Best Trail Running Shoes: Outsole Rubber
Running shoe company claims and names for outsole rubber, particularly for trail models, have always entertained me. So to have social media threads where runners weigh in on the question of the best outsole traction. Here in the Finger Lakes of New York, our trails are laced with slick rock, greasy mud, and slimy wood. As witnessed in this clip while testing the Mad River Tr, Saucony’s PWRTRAC outsole rubber offered about as much traction as Clark Griswold’s saucer sled. I’ve learned to question the veracity of any company’s claims for superior or best traction.
Our terra is unique. A few hours north in the Adirondacks, east in the Catskills & Hudson Valley, or south in rugged PA, and I’d find rock that near any rubber would grab just fine. I’ve spent time living and running in the high desert of the Northwest, and the dry desert of the Southwest. Hawaii where rain would pass over the island near daily, keeping the trails perpetually wet underfoot. In all those areas you stand a better chance of sticking, and, feeling that the rubber on your trail shoes is quite exceptional. Our creek beds, with near frictionless rock, are the perfect stage to separate catchy trademarks from actually superior rubber compounds.
In late December 2020, I was spending a bit of time testing the Asics FujiTrabucco Lyte. Given this bewildering ad was the last association I had with Asics’ attempt at trail, I didn’t have high hopes for the model. The outsole rubber proved hard, so much so that it would gash my ankle bones with contact. But, quite surprisingly, its stickiness felt remarkably solid. Given the bias I held against Asics, I questioned what I was feeling. I wondered whether it was just a different day and conditions, that rocks and roots simply had less slick film in winter. To challenge my own biases, I made a plan to test the outsole rubber of most of the top brands. Outsole to outsole. Same day, same condition. A slick creek rock elimination match to determine which outsole rubber blend truly offered the best grip.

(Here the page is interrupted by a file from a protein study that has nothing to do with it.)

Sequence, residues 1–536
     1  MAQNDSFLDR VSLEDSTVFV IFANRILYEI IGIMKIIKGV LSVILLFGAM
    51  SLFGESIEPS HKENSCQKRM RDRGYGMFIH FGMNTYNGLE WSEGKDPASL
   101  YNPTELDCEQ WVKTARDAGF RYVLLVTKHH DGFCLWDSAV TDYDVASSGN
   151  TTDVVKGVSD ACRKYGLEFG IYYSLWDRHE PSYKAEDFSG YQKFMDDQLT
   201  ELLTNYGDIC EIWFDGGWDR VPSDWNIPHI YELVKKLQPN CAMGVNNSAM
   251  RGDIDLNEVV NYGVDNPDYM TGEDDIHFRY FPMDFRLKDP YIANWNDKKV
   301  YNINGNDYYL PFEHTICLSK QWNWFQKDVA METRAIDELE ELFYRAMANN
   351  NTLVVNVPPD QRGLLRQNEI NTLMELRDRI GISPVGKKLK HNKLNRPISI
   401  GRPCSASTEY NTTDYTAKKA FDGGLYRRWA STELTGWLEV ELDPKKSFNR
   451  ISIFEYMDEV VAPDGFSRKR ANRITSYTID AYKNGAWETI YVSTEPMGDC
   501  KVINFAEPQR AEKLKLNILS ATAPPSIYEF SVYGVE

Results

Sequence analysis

The Lineup Ranked by Stickiest Outsole Rubber
PWRTRAC from Saucony on the Mad River TR2
The Saucony Mad River TR 2 is a soft, smooth running versatile trail shoe. Its multi-directional lugs grip over variable surfaces. It’s built with increased width in the toebox and midfoot versus traditional Saucony models. It has a 4mm drop and retails for $110. Its predecessor, the TR v1 was one of Ian’s favorite shoes of 2019. With many of the same properties carrying over, you can check out that review here.
TrailTack from Brooks on the Catamount
The Brooks Catamount offers a plush, bouncy midsole on top of a minimal upper and hybrid outsole. The shoe is built to run long over only mildly technical terrain. It has a 6mm drop and retails for $160. You can check out the Trails Collective preview of the Catamount here. It continues to be a go-to shoe for Ian over non-technical trails and sloppy winter road running.
XS Trek Evo from Vibram on the Topo Ultraventure 2
The Topo Ultraventure v1 was our best-selling trail model of 2020, and third-best in the shop behind two road models. With a drop of 5mm and enough midsole cushion to absorb even the most technical terrain, it’s a versatile workhorse. With Topo’s signature wider toebox it’s a companion to Altra in offering more forefoot width. Stay tuned for our review of the v2.
**Note: Vibram, often Megagrip, is the compound used on other top trail shoes including the Hoka Speedgoat and Altra Olympus. I’m left wondering whether the XS Trek Evo used in this comparison was significantly less sticky than the MegaGrip I’ve had luck with historically. For a second round I’m planning to take the Hoka EvoJawz (Vibram Megagrip), Topo Terraventure (Vibram XS Trek), and Topo Ultraventure v2 (Vibram XS Trek Evo) back out to see if they perform remarkably different. Stay tuned for that update.
I didn’t have Hoka or Altra’s non-Vibram rubbers in the mix because, well, I can tell you that they just aren’t as sticky. One of the surprises for me was that Vibram didn’t come up higher in the mix. My plan will be to compare Vibram blends as a follow-up, and, to be sure, sticking within brand. The Topo Mtn Racer will be used for MegaGrip, testing against the UltraVenture 2’s XS Trek Evo.
Contagrip TA from Salomon on the Wildcross
The Salomon Wildcross, a model using ContaGrip TA, was one of my favorite trail shoes of 2020. It offers a bit more width in the toebox and midfoot than traditional Salomon models of similar trail-grade. The midsole blend is a great blend of cushion and responsivity, and the aggressive outsole lug configuration handles muddy trails quite well. It rolls in with a drop of 8mm and at a price point of $130. I had a blast running and reviewing this gem which you can check out here.